In a recent interview, The Force Awakens director J.J. Abrams revealed aspects of Kylo Ren’s past that are even darker than we guessed.
On Friday — the day that the digital version of Episode VII was released — The Inquisitr published an early look at the bonus material, focusing on the featurette in which Adam Driver and J.J. Abrams talk about Kylo’s past and why he is the way he is.
Surely many would agree that this was an aspect of the film that really needed to be addressed. Originally, J.J. and Disney had expected Kylo Ren to be the beloved bad guy and central obsession for Star Wars fans — especially the younger fans, according to Heroic Girls founder John Marquotte.
“[Disney was] completely blindsided by the reaction to the new Star Wars characters […] They put a huge investment into marketing and merchandizing the Kylo Ren character. They presumed he would be the big breakout role from the film. They were completely surprised when it was Rey everyone identified with and wanted to see more of.”
Despite Disney’s expectations, Finn and Rey have quickly become favorites, leaving Kylo in the dust.
But since the world first glimpsed this addition to The Force Awakens‘ bonus material, J.J. Abrams has revealed new information explaining one of the most subtly intriguing parts of the film — when Kylo places his mask in a heap of ashes during his interrogation of Rey. After all, why ashes? Or more appropriately, why those ashes.
Abrams explained in an interview with Entertainment Weekly that the ashes in this scene are much more than they appear. In fact, they’ll very likely make audiences view Kylo in a different light.
“The backstory is, that that table has the ashes of the enemies he’s killed.That moment was actually shot for, and meant to be used in, the scene where he was talking to the Vader mask.”
Upon hearing this startling revelation from J.J.’s own lips, EW summed up the harrowing realization perfectly.
“In other words, that table of ash was originally in Ren’s private quarters. And the fact that he incinerates and preserves the remains of his foes adds a new, eerie dimension to his Dark Side nostalgia — and hoarding tendencies.”
Finding out that Kylo keeps his enemies’ ashes around as a reminder of his conquests and of his power adds a whole new dimension to his personality, psyche, and motives.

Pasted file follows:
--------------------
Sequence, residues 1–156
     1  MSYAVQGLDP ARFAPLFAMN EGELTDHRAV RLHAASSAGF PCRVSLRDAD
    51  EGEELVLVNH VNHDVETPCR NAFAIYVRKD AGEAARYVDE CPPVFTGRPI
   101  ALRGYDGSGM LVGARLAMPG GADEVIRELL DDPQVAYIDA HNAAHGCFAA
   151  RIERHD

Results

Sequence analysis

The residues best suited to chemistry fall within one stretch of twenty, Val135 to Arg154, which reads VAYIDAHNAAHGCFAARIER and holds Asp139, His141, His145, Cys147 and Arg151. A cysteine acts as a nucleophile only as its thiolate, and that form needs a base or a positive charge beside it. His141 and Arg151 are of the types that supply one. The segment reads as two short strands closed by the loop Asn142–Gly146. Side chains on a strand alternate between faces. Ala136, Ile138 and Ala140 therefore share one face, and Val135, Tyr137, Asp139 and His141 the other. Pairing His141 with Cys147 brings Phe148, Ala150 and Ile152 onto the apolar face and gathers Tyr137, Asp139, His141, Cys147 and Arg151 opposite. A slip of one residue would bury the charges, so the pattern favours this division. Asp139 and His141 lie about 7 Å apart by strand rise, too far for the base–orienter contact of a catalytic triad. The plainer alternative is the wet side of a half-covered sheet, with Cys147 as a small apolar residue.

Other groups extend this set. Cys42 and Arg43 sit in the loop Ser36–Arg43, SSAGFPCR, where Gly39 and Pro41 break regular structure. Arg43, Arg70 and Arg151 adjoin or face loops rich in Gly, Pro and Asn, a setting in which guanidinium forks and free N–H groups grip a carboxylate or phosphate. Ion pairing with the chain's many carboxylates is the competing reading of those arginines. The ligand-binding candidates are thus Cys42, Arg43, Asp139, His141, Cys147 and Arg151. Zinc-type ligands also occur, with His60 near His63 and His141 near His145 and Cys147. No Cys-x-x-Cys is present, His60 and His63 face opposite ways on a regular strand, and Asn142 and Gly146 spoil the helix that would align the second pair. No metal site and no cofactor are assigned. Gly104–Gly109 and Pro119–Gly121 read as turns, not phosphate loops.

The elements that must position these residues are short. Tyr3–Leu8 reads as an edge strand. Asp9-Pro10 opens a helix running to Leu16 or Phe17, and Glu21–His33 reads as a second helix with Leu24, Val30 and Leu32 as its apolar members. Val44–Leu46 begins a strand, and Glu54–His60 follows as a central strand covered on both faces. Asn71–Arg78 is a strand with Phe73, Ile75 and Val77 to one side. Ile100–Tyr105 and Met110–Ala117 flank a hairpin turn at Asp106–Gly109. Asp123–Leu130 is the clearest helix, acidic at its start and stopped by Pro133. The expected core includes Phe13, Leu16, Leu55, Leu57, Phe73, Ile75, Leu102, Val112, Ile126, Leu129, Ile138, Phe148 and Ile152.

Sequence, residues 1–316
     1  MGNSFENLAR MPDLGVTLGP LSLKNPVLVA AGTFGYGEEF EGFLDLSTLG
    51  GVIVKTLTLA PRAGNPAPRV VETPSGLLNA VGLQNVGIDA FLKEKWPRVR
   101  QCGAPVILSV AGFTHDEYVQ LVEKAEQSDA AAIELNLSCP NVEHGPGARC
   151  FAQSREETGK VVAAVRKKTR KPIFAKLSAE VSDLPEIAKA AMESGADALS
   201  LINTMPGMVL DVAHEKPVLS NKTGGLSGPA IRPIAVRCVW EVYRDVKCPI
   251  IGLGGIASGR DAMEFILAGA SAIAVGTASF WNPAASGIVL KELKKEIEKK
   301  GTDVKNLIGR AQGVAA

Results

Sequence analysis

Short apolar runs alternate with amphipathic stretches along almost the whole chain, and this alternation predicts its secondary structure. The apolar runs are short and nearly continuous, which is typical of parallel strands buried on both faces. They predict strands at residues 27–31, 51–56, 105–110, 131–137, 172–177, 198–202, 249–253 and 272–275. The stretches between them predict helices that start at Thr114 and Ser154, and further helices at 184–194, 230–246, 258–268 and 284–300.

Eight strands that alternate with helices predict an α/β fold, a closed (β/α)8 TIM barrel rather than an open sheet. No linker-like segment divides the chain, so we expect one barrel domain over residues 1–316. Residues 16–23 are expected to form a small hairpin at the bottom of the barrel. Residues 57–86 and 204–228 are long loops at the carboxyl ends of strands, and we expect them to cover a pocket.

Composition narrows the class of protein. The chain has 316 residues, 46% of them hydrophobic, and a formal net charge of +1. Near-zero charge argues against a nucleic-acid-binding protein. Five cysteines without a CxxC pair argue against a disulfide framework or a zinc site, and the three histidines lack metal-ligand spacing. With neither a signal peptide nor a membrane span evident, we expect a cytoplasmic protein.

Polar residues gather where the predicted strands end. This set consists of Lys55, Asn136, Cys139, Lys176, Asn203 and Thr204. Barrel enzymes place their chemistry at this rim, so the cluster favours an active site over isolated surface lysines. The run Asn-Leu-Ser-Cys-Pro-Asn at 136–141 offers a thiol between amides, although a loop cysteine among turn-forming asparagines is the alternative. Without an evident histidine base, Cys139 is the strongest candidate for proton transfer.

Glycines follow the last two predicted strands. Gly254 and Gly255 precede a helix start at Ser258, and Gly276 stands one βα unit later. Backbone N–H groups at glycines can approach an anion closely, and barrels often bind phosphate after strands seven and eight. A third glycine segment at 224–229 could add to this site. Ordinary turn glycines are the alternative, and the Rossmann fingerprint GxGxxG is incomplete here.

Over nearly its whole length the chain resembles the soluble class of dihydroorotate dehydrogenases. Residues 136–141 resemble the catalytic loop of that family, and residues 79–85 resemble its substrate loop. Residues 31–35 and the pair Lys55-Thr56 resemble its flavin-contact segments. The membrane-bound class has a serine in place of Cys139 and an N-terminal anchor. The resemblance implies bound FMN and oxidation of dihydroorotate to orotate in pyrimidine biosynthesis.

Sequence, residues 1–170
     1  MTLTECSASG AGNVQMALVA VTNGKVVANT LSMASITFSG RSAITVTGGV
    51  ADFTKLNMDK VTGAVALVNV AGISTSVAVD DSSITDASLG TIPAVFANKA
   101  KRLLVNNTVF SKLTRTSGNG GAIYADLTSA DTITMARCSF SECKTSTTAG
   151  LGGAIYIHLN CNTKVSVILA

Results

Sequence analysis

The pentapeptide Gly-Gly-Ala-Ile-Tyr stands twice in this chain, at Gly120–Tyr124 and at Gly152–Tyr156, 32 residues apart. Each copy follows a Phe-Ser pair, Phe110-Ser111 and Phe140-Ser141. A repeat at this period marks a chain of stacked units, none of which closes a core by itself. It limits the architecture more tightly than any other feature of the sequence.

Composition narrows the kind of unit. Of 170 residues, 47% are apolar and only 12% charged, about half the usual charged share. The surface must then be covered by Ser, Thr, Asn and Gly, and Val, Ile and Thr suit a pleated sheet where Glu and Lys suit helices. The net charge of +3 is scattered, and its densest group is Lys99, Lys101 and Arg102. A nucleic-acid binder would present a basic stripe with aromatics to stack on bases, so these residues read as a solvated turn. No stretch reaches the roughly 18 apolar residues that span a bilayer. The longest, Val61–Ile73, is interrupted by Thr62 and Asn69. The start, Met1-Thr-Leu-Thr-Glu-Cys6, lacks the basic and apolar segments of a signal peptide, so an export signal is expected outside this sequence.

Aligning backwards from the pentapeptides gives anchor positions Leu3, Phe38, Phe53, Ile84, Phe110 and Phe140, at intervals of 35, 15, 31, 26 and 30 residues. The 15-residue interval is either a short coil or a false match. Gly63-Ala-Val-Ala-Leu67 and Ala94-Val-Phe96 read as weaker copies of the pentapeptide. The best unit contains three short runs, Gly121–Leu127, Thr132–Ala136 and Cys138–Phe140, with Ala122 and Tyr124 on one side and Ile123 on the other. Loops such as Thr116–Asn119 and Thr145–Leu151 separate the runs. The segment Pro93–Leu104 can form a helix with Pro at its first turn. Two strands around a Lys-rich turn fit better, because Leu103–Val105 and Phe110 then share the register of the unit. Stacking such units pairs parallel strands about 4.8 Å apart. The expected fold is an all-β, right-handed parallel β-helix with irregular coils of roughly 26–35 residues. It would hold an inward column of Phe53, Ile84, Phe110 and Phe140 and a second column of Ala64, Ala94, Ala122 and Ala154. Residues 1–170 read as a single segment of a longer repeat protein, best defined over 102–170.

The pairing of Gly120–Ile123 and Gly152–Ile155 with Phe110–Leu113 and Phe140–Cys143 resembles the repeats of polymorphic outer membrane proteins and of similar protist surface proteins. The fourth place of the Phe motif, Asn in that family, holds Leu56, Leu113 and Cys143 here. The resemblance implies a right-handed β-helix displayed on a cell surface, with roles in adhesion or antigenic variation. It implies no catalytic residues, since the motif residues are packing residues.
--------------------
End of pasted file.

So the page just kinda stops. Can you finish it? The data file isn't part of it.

The character of Kylo Ren definitely did not make as big of an impact on fans and moviegoers as J.J. Abrams and Disney expected.
Some argue that Kylo just was not intimidating — that after he removed his mask at the end of Rey’s interrogation scene, he just was not creepy or scary enough. The suspense and subtle fear that inched its way into the hearts of viewers watching the film for the first time often faded away after Kylo removed his helmet, revealing a healthy, youthful, scar-free Adam Driver.
But no worries! For those of you who have watched the films, you know that the next time we see Kylo, he’ll have some very obvious and evil war wounds (particularly a scar running the length of his face).
Another reason for the lackluster popularity of Kylo Ren is the fact that many viewers found him to be a bit whiny. Numerous jokes have spread since the release of the film that regard Kylo as being similar to a young child upset that his favorite toy or candy has been taken away.
In the featurette included with the newly released film, Abrams explained that Kylo Ren — originally Ben Solo — had a past that was largely affected by his feelings of loneliness and abandonment combined with his awareness of his own power, as the Inquisitr reported.
“The grandchild of Anakin Skywalker was bound to be an exceptional Force user, a fact not lost on Supreme Leader Snoke. […] Abrams pointed out that not only did Snoke actively target Ren, but the duties and responsibilities that called Han and Leia away from Ben left them too absent to guide him.”
Now that we have discovered the surprisingly dark, evil, and freakishly serial aspects of Kylo Ren, perhaps audiences will like him better. Surely the scars from that nasty light saber wound will help, too.
[Image by Chung Sung-Jun/Getty Images]